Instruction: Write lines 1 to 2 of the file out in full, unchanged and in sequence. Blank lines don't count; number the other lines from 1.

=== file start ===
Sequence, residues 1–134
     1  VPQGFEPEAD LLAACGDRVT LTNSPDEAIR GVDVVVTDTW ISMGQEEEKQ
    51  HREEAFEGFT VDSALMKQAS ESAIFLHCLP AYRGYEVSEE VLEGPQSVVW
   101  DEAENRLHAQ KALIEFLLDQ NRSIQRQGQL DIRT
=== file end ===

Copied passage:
Sequence, residues 1–134
     1  VPQGFEPEAD LLAACGDRVT LTNSPDEAIR GVDVVVTDTW ISMGQEEEKQ